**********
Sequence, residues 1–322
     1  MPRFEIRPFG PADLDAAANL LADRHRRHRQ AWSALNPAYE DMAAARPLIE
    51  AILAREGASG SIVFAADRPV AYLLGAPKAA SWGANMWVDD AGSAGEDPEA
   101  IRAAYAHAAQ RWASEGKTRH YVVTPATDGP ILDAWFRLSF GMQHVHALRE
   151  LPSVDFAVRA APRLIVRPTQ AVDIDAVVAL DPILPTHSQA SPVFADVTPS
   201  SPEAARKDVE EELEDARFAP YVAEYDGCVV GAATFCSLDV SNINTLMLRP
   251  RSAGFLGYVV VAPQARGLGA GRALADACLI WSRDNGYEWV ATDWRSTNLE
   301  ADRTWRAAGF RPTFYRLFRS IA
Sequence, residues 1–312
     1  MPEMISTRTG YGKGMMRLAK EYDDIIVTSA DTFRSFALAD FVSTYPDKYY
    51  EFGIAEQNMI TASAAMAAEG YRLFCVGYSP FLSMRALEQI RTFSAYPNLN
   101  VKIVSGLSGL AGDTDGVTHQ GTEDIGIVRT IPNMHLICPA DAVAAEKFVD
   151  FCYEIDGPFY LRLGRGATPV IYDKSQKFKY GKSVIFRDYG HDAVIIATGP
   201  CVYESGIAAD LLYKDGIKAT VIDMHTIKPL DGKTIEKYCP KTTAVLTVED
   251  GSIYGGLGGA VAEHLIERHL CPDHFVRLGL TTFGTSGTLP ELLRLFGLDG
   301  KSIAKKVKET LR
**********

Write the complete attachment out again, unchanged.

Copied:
Sequence, residues 1–322
     1  MPRFEIRPFG PADLDAAANL LADRHRRHRQ AWSALNPAYE DMAAARPLIE
    51  AILAREGASG SIVFAADRPV AYLLGAPKAA SWGANMWVDD AGSAGEDPEA
   101  IRAAYAHAAQ RWASEGKTRH YVVTPATDGP ILDAWFRLSF GMQHVHALRE
   151  LPSVDFAVRA APRLIVRPTQ AVDIDAVVAL DPILPTHSQA SPVFADVTPS
   201  SPEAARKDVE EELEDARFAP YVAEYDGCVV GAATFCSLDV SNINTLMLRP
   251  RSAGFLGYVV VAPQARGLGA GRALADACLI WSRDNGYEWV ATDWRSTNLE
   301  ADRTWRAAGF RPTFYRLFRS IA
Sequence, residues 1–312
     1  MPEMISTRTG YGKGMMRLAK EYDDIIVTSA DTFRSFALAD FVSTYPDKYY
    51  EFGIAEQNMI TASAAMAAEG YRLFCVGYSP FLSMRALEQI RTFSAYPNLN
   101  VKIVSGLSGL AGDTDGVTHQ GTEDIGIVRT IPNMHLICPA DAVAAEKFVD
   151  FCYEIDGPFY LRLGRGATPV IYDKSQKFKY GKSVIFRDYG HDAVIIATGP
   201  CVYESGIAAD LLYKDGIKAT VIDMHTIKPL DGKTIEKYCP KTTAVLTVED
   251  GSIYGGLGGA VAEHLIERHL CPDHFVRLGL TTFGTSGTLP ELLRLFGLDG
   301  KSIAKKVKET LR